One might also ask if it is possible for all humans to remain completely autonomous or if there will always be Karen’s and Scott’s in the world, ready to follow a cause with all that they have. There is undeniably something in humans that drives them to desire to give up their freedoms for a cause. Mao II discusses that desire, what happens when an individual decides to run from this desire or run towards it. As Bill comments, “anybody can write a great novel,” and “one voice [is] unlike the next” if one will take the chance to “sit down and find his voice” (159).

 

 

 

In Mao II, meaning is constantly divested from the medium of things, and invested in the interaction of groups; the machinations of individuals. When Charlie says, countering Bill’s disbelief in the face of the bomb blast, “You and I know better. We understand how reality is invented. A person sits in a room and thinks a thought and it bleeds out into the world. Every thought is permitted. And there is no longer a moral or spatial distinction between thinking and acting”. It is my opinion that this bleed is the central motif of the section. Take the print of Gorbachev: ostensibly about the former soviet leader, is really an unconscious connection to the collective of Warhol, of constant re-print and appropriation. It is also the idea of Bill Gray that has out grown Bill Gray. His legend grows with absence, allowing the minds of others to invent a reality which he has to live up to, and feels hunted by. In a similar way, Karen’s life as a Moonie constantly interrupts her current life through subconscious mechanisms.

This invention of reality speaks to the complexity of an archive as both a physical and psychological artifact. Scott keeps Bill’s new work from reaching out of his little archive much like the Archons of ancient Greece kept the knowledge, the value, within archives from reaching out. The separation, the spatial distance allows thinking to replace the reality of an object or narrative.  What, then, is the value of a physical record when the psychological one is so malleable as to become reality itself, supplanting, at least to those without access to the physical truth, the literal truth? If it only is accessible by few, does it not serve many more as the seed of more thought, and greater legend, surpassing its own value as information and medium, to the masses?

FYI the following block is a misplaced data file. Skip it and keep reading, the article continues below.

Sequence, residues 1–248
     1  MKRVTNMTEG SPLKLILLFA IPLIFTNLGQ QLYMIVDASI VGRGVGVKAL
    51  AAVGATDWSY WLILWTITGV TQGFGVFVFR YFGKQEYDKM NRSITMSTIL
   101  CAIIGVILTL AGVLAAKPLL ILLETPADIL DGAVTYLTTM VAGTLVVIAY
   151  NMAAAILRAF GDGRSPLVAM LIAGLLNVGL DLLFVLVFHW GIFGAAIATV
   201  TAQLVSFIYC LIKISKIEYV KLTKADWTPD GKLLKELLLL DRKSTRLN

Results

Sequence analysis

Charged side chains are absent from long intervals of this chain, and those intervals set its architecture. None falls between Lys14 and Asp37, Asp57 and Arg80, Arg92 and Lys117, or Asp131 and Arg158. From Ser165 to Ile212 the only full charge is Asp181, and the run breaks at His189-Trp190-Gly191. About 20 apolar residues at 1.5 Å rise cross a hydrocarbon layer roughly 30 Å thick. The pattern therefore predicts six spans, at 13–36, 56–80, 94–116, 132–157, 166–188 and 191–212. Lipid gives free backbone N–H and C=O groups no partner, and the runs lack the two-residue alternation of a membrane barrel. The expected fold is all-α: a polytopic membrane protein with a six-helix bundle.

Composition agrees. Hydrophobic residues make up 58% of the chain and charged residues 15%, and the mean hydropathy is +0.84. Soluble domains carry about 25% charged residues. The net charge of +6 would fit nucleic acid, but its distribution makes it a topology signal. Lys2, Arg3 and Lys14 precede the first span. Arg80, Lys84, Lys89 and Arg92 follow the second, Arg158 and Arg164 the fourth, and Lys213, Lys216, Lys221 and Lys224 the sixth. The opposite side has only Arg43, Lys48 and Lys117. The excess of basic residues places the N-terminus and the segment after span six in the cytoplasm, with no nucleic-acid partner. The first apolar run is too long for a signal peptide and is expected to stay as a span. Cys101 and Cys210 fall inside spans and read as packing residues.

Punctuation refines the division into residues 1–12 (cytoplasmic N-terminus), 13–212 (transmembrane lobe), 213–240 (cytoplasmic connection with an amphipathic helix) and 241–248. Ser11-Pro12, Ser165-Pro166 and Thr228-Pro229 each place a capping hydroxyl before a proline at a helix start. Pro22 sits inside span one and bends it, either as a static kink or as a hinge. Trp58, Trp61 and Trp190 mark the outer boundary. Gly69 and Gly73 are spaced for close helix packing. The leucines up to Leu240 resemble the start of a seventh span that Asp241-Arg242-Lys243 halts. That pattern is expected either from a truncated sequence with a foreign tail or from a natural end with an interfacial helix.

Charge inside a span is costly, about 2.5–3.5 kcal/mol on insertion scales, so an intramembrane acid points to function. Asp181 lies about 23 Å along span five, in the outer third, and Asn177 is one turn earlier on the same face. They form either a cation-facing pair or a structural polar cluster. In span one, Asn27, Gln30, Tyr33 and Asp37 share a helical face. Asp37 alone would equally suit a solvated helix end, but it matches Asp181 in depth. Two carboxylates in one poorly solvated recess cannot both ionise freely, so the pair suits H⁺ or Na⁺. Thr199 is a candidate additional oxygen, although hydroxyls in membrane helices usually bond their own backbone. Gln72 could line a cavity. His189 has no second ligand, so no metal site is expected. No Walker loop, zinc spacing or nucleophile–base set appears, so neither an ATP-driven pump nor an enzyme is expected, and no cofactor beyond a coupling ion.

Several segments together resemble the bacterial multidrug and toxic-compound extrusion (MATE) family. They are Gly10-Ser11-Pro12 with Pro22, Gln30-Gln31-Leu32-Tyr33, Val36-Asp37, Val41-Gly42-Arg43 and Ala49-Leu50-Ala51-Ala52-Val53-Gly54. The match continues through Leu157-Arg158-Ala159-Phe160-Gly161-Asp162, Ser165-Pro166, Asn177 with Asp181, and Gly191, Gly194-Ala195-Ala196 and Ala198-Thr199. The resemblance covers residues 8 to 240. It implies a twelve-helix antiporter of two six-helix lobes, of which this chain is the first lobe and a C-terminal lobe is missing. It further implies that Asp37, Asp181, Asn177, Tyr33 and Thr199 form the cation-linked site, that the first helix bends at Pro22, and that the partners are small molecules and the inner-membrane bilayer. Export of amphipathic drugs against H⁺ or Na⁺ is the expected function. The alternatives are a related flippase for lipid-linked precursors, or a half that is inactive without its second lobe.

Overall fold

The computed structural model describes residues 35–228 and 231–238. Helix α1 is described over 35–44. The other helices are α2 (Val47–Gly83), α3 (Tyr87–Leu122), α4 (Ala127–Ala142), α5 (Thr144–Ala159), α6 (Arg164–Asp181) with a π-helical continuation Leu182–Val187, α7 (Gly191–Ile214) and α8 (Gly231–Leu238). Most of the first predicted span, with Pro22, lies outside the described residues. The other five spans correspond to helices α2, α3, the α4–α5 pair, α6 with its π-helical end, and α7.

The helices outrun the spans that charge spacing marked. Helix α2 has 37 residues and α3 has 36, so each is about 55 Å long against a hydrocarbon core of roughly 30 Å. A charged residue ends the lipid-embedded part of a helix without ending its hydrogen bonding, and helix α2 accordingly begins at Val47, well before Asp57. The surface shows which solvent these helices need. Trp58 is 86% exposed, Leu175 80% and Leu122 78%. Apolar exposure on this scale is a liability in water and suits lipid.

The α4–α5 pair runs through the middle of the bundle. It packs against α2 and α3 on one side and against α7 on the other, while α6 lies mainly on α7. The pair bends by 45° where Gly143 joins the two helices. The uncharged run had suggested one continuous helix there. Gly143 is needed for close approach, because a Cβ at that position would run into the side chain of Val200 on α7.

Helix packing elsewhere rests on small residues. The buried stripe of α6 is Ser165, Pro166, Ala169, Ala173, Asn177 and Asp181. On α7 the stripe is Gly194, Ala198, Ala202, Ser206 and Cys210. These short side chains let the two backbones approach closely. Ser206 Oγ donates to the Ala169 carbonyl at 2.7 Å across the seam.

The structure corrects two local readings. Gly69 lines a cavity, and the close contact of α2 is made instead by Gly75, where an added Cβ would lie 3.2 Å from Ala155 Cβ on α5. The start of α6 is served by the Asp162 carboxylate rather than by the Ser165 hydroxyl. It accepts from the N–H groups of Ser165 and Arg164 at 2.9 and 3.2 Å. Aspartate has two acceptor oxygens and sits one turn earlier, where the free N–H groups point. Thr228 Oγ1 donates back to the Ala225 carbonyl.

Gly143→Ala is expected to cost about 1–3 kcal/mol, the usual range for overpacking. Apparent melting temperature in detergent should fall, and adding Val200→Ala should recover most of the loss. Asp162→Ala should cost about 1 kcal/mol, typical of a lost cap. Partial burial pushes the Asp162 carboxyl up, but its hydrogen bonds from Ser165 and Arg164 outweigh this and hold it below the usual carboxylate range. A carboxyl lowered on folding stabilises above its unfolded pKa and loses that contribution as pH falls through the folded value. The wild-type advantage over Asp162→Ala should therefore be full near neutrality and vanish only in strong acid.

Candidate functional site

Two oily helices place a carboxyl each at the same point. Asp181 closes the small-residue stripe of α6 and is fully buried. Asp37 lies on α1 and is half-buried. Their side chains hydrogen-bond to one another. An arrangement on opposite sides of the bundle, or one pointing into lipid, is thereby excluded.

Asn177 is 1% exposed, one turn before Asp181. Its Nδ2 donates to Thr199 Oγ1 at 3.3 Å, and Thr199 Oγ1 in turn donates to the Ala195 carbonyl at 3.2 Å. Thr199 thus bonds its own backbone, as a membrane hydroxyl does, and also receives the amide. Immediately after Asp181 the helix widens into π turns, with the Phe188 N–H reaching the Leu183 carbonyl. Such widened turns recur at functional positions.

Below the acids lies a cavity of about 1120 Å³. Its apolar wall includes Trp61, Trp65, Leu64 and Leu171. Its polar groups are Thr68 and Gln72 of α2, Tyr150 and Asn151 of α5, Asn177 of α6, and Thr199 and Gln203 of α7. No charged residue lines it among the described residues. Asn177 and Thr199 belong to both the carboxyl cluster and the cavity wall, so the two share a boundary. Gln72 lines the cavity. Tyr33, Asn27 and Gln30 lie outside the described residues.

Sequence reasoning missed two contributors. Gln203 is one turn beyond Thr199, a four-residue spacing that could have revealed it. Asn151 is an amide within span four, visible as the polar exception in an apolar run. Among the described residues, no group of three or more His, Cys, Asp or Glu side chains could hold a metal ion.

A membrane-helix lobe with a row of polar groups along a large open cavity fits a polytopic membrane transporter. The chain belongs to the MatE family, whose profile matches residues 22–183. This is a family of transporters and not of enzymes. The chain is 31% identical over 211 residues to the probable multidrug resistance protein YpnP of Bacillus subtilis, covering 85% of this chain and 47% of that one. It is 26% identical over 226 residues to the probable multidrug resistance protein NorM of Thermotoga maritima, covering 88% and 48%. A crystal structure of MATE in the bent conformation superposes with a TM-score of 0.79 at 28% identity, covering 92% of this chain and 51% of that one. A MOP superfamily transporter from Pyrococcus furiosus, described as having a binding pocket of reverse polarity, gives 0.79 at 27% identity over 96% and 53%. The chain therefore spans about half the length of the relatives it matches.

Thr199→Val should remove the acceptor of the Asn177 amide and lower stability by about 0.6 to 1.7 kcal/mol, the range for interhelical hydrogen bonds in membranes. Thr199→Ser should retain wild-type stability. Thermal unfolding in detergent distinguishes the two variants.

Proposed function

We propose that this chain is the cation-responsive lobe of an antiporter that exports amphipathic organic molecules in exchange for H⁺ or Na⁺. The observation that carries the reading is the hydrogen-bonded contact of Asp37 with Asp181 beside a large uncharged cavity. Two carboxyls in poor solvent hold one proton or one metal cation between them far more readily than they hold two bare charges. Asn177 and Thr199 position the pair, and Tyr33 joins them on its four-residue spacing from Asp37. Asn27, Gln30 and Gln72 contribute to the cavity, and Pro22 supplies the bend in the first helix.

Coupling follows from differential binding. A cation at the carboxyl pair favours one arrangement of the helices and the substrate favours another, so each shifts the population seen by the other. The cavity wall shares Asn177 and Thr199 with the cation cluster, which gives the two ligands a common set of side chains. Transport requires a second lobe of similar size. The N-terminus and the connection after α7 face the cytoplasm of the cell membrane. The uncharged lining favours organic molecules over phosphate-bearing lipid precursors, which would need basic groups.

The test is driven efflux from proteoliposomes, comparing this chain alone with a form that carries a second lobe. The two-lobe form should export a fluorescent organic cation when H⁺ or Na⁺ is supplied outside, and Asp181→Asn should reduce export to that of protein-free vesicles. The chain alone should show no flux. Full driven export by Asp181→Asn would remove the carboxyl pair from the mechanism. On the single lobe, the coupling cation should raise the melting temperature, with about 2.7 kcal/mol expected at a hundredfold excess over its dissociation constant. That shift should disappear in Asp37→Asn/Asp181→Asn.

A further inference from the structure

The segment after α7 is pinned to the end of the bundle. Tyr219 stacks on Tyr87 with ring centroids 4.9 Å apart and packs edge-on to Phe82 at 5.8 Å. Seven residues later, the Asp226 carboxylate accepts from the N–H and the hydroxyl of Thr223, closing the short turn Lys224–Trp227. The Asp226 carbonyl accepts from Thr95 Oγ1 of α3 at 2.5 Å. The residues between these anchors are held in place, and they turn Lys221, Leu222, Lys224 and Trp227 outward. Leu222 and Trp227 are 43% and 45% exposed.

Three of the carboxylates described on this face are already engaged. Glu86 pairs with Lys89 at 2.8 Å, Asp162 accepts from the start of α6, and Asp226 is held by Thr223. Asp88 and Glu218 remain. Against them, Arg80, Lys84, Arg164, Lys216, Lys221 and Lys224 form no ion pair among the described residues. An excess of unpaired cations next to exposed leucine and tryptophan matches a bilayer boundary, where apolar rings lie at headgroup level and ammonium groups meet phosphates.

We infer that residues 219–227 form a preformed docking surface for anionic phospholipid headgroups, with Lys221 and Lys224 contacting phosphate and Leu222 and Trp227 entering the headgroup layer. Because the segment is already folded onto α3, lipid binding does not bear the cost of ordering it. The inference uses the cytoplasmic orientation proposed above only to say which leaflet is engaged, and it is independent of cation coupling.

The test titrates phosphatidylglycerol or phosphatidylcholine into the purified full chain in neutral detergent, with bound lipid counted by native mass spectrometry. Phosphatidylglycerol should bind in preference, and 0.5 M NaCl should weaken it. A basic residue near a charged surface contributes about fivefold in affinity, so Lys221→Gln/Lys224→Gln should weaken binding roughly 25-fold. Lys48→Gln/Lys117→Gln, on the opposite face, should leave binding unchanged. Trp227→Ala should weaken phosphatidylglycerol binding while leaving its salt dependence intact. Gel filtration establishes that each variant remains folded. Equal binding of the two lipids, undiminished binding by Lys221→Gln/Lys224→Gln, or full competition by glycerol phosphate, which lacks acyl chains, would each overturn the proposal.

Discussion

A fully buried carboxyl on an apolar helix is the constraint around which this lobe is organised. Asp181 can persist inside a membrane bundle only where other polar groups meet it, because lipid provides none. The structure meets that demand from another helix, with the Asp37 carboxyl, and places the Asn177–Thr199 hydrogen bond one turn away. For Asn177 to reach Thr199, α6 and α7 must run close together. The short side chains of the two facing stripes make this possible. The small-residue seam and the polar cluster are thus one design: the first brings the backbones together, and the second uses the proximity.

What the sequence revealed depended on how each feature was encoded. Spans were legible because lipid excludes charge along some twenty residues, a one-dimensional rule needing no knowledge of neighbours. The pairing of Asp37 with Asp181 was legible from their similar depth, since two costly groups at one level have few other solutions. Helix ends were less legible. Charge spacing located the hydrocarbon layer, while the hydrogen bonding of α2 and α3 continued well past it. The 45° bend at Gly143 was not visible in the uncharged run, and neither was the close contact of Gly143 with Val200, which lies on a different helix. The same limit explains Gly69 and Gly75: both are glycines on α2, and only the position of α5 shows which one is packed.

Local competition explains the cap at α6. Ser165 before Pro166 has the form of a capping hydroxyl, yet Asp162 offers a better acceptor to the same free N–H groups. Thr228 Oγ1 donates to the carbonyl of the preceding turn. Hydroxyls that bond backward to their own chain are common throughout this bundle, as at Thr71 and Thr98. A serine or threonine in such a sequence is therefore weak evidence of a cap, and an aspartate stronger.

-Garrett Stache

“There’s the life and there’s the consumer event. Everything around us tends to channel our lives toward some final reality in print or on film. Two lovers quarrel in the back of a taxi and a question becomes implicit in the event. Who will write the book and who will play the lovers in the movie? Everything seeks its own heightened version. Or put it this way. Nothing happens until it’s consumed. Or put it this way. Nature has given way to aura. A man cuts himself shaving and someone is signed up to write the biography of the cut. All the material in every life is channeled into the glow. Here I am in your lens. Already I see myself differently. Twice over or once removed.”

This quote from Mao II by Don DeLillo gets me thinking about multiple things. Why do people insist on writing down everything that happens, in history books, in journals, or anything like that? Why do we keep things at all? The events described in this quote are rather mundane and ones in which someone wouldn’t ordinarily think of to write down or keep. But, perhaps, there is sentimental value- it could be the man’s first shave and he wants to remember the moment, or it could be the content of the couple’s argument that needs remembering. People are constantly plagued with keeping things- I know I keep small things, like the special napkin of a nice restaurant or a hang tag for parking at a hotel, with the intent of “scrapbooking them one day.” One day, these items will be on display- I hope- so I may reminisce. Everything has become a “consumer event” to be saved. I feel like this is why we struggle with identifying times, places and people where there wasn’t the ability to write or take pictures- stories were only told by word of mouth. What if we were able to keep track of everything back then, as well? Would we be so obsessed with keeping things in the worry that they would be lost if we didn’t? I think things would certainly be different- perhaps we would have developed certain technologies faster- but people have a natural tendency to keep things, and we always will. This quote, I think, is a good representation of archiving every little thing with a careful manner, as we saw in GT Archives during our visits. Every little thing matters and we must be careful with all of the details!